In other words, this vast accumulation of wealth (which means vast power) does not represent the totality. The Ford family fortune is estimated at two billion dollars, which is four times the amount of stock held in their own corporation. The same multiple probably applies to the other twelve.

APPENDIX 3: WHO OWNS GERMANY?

AT THE start of the second World War the 25 most important landowners in Germany were:

GERMANY'S BIGGEST LANDOWNERS

Image

Kaiser Wilhelm II's family: 97,000 hectares
Prince of Pless: 50,000 hectares
Prince of Hohenlohe: 48,500 hectares
Prince of Hohenzollern-Siegmaringen: 46,000 hectares
Prince of Solms-Baruth: 38,700 hectares
Ernst von Stolberg-Wernigerode: 36,700 hectares
Duke of Ratibor and Prince Hohenlohe-Schilling fuerst: 31,100 hectares*
Duke of Anhalt-Dessau: 29,300 hectares
Count Thiele Winkler: 28,000 hectares*
Duke of Ahrenberg-Nordikirchen: 27,800 hectares
Count Schaffgotsch: 26,800 hectares*
Leopold Prince of Prussia: 25,000 hectares
Count von Bruehl: 22,900 hectares
Count Fink von Finkenstein: 21,000 hectares
Prince Frederick Henry of Prussia: 17,100 hectares
Duke Albrecht of Wurttemberg: 16,100 hectares
Prince Schaumburg-Lippe: 15,700 hectares
Family of Field Marshal von Kleist: 15,200 hectares
Prince Henkell von Donnersmarck: 15,000 hectares*
Grand Duke of Oldenburg: 13,800 hectares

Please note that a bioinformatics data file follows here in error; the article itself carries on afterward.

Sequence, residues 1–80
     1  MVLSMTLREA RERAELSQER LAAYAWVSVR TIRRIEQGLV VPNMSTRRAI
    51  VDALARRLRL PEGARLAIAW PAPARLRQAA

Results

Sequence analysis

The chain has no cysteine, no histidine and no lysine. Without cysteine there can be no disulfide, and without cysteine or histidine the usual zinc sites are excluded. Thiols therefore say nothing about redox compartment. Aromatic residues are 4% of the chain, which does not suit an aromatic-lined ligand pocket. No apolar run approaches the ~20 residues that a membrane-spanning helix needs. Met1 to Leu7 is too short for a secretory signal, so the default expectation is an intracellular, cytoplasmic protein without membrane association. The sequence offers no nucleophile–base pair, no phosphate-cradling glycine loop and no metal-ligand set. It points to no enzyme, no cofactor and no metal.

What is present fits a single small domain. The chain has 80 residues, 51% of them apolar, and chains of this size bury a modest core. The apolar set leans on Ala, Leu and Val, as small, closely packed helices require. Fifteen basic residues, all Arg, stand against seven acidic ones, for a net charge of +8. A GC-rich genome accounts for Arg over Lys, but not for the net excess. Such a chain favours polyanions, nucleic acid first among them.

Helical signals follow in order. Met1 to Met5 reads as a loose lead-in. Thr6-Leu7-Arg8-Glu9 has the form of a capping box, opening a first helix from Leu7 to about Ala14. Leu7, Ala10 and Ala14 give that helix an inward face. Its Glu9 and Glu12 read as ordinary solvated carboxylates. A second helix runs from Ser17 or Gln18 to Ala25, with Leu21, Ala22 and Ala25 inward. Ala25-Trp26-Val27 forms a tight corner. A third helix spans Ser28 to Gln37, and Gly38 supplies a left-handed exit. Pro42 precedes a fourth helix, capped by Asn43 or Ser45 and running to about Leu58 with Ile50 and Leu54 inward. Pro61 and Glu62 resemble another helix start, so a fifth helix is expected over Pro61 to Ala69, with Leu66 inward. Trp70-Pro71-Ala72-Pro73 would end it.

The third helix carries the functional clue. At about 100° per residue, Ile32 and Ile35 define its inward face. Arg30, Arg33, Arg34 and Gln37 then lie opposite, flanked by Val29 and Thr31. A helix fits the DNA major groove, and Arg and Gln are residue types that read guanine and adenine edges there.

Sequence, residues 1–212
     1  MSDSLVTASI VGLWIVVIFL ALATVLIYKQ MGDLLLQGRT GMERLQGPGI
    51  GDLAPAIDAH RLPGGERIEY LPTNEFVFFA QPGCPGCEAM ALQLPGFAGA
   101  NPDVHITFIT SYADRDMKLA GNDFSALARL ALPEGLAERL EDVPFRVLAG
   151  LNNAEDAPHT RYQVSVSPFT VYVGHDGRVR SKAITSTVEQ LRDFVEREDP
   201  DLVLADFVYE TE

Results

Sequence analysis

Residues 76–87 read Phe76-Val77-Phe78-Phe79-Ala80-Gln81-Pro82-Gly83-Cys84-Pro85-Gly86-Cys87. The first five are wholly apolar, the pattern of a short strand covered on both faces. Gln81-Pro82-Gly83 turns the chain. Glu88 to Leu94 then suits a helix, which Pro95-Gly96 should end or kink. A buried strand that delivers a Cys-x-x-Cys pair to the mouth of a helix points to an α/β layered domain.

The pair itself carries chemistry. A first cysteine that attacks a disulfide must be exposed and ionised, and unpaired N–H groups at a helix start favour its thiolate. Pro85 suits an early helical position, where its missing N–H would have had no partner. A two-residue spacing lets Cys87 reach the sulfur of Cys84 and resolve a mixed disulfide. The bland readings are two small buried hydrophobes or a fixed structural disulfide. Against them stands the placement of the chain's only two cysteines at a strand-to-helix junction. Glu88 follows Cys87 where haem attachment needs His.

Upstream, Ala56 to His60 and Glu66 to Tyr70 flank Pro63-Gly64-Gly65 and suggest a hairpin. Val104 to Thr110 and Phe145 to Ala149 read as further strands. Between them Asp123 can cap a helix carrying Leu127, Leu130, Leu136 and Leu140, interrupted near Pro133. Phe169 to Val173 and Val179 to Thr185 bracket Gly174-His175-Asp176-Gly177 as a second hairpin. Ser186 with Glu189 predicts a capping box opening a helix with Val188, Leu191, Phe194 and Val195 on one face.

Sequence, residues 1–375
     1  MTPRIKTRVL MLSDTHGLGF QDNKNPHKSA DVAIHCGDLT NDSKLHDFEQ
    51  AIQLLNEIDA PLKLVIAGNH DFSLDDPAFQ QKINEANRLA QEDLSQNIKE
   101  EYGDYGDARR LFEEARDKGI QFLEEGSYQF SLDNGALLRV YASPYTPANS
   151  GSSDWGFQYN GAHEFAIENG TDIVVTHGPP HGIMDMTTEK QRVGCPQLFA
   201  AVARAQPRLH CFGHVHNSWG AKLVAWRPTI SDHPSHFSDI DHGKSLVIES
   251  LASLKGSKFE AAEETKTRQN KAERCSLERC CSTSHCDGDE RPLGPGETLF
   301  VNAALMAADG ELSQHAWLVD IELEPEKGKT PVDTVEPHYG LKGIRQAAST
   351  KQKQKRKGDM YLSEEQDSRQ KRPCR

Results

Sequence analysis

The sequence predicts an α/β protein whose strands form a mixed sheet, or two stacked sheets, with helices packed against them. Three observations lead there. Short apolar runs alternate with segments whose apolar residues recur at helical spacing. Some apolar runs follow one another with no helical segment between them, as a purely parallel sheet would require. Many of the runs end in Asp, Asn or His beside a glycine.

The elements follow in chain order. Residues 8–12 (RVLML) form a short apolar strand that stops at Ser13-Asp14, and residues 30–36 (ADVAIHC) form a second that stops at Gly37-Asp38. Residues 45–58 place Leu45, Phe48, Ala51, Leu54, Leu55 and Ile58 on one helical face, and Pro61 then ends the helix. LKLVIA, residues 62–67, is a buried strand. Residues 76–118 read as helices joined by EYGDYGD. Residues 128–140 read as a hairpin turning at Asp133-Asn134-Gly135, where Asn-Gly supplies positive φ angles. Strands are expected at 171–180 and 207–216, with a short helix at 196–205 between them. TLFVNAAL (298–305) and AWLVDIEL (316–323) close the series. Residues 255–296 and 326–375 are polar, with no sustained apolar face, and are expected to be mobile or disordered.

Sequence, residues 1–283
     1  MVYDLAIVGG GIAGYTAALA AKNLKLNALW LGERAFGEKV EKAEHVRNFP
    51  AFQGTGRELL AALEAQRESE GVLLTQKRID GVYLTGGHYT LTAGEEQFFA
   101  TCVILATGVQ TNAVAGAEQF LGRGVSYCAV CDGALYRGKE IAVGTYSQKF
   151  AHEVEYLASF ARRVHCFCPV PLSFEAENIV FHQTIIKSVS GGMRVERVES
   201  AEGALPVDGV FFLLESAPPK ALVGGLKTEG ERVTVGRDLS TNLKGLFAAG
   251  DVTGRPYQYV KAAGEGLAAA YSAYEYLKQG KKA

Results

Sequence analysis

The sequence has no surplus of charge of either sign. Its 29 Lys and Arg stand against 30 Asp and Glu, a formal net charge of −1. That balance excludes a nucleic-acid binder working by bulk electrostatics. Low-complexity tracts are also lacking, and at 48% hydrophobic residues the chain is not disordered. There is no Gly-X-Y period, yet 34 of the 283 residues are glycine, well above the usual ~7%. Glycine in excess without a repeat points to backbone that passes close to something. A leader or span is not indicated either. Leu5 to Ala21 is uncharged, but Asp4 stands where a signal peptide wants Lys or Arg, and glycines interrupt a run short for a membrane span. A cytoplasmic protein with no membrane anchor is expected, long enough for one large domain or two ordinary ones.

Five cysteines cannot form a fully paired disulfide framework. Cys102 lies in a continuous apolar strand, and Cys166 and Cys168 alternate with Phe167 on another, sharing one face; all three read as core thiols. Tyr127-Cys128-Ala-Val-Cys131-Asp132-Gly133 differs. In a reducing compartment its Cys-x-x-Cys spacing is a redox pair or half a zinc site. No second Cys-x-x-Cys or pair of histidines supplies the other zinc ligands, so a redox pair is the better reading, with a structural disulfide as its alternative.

Prince Richard Sayn-Wittgenstein: 12,000 hectares
Duke of Saxe-Coburg-Gotha: 10,400 hectares
Hereditary Prince Josias of Waldeck: 10,000 hectares
Prince Philipp of Hesse: 7,000 hectares
* One hectare equals: 2.47 acres.

CAPITAL OF JOINT STOCK COMPANIES

Image

PERCENTAGE OF THE TOTAL CAPITAL

Image

CAPITAL OF LIMITED LIABILITY COMPANIES

Image

PERCENTAGE OF TOTAL CAPITAL

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* NOTE: -- The Silesian magnates knew what they were doing when they greeted with enthusiasm Hitler's war against Poland. By the partitioning of Upper Silesia in 1921 Count Thiele-Winkler had lost 15,900 hectares, the princes and counts of Donnersmarck 37,000 hectares, the Prince of Hohenlohe-Ingelfingen, 18,700 hectares, the count of Ballestrem, 4,900 hectares, and the Duke of Ratibor 2,600 hectares to Poland. In 1940 all their property on Polish soil was again restored to them.

(Reprinted from Albert Norden's The Thugs of Europe, with permission.)

APPENDIX 4: NAM: AMERICAN FASCISM

(Digest of Senate Report No.6, part 3, 76th Congress, 1st session.)

"A subcommittee of the Senate Committee on Education and Labor, Senator Robert M. La Follette Jr., Wisc., Chairman. ...